ONLF, for instance, maintains contacts with former adversaries. In December 2019, Abdirahman allegedly met with Tigray People’s Liberation Front (TPLF) representatives in Nairobi. He also allegedly met with the former Somali regional state president Abdi ‘Illey’ in Dubai in 2017 and with politicians whom Addis Ababa consider to be disruptive forces. They include Jubbaland President Ahmed Mohammed Madobe and a Somaliland opposition leader Faysal Ali Warabe, who told Honr Cable TV “their meeting with Abdirahman was to build a Somali political alliances against Ethiopia”.
I confirmed with someone in the party’s office in Addis Ababa that Ethiopia’s government gave a cease-and-desist order for any ONLF relations with foreign states without the knowledge and guidance of the foreign ministry. However, such relations persist while the chairman, Abdirahman, is the current vice president of the Unrepresented People’s Organisation (UNPO). Abdirahman became a vice president for this organization some time in 2011 to 2012 and still holds that post. While still holding these roles, this arguably put ONLF in conflict with how a registered Ethiopian party is supposed to function. Furthermore, ONLF considers trans-nationalist politics across the Somali peninsula as its enduring prerogative.
On that basis, ONLF continues its relations with Somali leaders in Somalia at regional and federal levels. Internal sources and reports confirmed that Abdirahman met with presidents of the Somali federal states of Puntland and Jubbaland in Addis Ababa and Nairobi, asking them to help the party finance ONLF’s election campaign—a request, I learned from a source in the organisation, the two leaders accepted. At the federal level in Somalia, relations are more complex: In March, the chairman dispatched his deputy Dahir Mohamed Ali to Mogadishu, with plans to set up a liaison office in Somalia’s capital, according to an ONLF politburo member.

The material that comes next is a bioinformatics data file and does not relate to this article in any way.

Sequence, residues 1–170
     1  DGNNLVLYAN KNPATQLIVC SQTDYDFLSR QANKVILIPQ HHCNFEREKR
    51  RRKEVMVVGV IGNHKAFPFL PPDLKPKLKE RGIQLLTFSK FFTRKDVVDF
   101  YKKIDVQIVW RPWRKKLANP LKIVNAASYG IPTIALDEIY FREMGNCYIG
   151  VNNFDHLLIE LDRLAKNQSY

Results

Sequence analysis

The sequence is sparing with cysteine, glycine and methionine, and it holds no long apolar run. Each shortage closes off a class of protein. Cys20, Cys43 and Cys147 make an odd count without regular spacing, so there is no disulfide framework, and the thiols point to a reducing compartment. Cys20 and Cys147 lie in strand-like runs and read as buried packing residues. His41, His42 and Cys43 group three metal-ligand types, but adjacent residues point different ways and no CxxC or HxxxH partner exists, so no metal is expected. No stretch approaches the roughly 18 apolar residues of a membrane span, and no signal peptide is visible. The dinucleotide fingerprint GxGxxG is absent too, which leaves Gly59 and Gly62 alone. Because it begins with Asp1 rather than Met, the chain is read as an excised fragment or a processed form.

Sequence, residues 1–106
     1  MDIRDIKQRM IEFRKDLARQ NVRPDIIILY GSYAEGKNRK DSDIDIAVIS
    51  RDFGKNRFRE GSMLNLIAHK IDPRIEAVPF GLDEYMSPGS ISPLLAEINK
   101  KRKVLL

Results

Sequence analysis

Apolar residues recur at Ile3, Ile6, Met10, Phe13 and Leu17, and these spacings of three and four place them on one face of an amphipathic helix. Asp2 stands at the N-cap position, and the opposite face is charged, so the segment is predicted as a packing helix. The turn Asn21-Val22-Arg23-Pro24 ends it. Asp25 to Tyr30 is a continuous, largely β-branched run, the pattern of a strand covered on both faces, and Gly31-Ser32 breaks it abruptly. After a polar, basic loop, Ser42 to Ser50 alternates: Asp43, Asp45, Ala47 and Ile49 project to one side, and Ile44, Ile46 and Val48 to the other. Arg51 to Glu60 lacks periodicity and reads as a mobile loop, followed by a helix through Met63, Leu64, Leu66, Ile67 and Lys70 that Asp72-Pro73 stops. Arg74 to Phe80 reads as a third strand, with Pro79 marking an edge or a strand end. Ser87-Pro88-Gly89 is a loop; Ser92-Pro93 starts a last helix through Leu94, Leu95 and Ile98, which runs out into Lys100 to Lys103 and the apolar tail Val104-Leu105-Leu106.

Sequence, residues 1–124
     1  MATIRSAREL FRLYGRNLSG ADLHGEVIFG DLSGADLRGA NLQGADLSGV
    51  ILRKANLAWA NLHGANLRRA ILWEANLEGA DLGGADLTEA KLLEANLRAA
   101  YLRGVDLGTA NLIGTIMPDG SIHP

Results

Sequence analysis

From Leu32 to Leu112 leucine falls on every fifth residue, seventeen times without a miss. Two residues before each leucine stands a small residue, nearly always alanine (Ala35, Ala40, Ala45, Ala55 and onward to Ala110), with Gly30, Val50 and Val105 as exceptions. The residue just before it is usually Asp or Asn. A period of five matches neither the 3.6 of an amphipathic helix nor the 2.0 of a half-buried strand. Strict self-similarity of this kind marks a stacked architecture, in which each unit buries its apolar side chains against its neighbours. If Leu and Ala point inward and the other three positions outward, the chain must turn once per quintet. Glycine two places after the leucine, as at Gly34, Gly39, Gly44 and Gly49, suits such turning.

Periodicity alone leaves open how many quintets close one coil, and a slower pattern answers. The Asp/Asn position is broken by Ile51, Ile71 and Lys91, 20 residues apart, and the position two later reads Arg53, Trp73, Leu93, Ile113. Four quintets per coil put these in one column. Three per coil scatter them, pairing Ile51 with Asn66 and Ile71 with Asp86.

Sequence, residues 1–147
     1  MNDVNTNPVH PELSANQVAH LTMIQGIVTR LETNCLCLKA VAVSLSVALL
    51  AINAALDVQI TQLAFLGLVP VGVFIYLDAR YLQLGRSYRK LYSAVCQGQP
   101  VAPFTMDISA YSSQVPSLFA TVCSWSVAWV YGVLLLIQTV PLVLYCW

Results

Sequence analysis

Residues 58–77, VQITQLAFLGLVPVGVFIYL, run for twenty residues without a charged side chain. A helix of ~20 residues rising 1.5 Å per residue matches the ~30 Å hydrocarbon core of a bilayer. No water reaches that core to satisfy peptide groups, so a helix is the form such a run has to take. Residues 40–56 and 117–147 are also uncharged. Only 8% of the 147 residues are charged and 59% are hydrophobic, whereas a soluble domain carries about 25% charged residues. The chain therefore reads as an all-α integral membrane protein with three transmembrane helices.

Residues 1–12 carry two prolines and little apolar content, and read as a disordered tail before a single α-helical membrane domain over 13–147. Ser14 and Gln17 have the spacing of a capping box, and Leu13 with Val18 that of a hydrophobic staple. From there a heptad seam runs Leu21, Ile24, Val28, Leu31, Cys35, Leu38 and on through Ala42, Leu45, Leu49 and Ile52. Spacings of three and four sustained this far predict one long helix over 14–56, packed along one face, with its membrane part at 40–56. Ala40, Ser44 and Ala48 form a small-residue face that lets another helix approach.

Any political connection between Somalis from Ethiopia and Somalia evokes great anxiety in Addis Ababa’s policymakers. The relationship between Somalia and Ethiopia was and is a zero-sum-game ever since Somalia became a sovereign state in 1960. The two countries went to war over Ogaden territory several times. If one thinks the Ogaden war is merely history, the Ethiopian Prime Minister Abiy Ahmed’s recent commemoration of what he called “Karamarda victory over Somali invading forces” unfortunately proves otherwise.
Putting aside the politics of the two countries (and notwithstanding the importance of transnational economic and cultural connections between Somalis), for Abdirahman to be engaged in dealings with actors in Somalia or Kenya while pursuing office in Ethiopia plays on these anxieties in Addis Ababa.
Abdirahman has also displayed tolerance towards remnants of the former regime, perhaps as Abid Iley still commands loyalty from some sections of his Reer Abdille Ogaden sub-clan. But if ONLF shed her blood and broke her bones for the betterment of Somalis in the Ogaden, it was against Abdi ‘Illey’, backed by the Ethiopian state, and his merciless Liyu police, a paramilitary force under his command.
Ever since Abdi’s first speech in 2005, as the head of security and justice bureau in Somali region, to Liyu police commanders, we were forewarned of his actions as catalogued in his twisted catchphrase: “Forward to the enemy with your gun against their men, and your penis against their women”. He fought ONLF tooth and nail, weakening its forces.
At the political level, Abdi travelled widely and dented the ONLF support base in the diaspora. He set-up offices abroad to monitor ONLF’ activities. He also participated in the decade-long negotiation between ONLF and the ruling Ethiopian People’s Revolutionary Democratic Front (EPRDF) that has now been recast under Abiy as the Prosperity Party. As a hard bargainer, he played a major role in either stalling negotiations or forcing a surrender.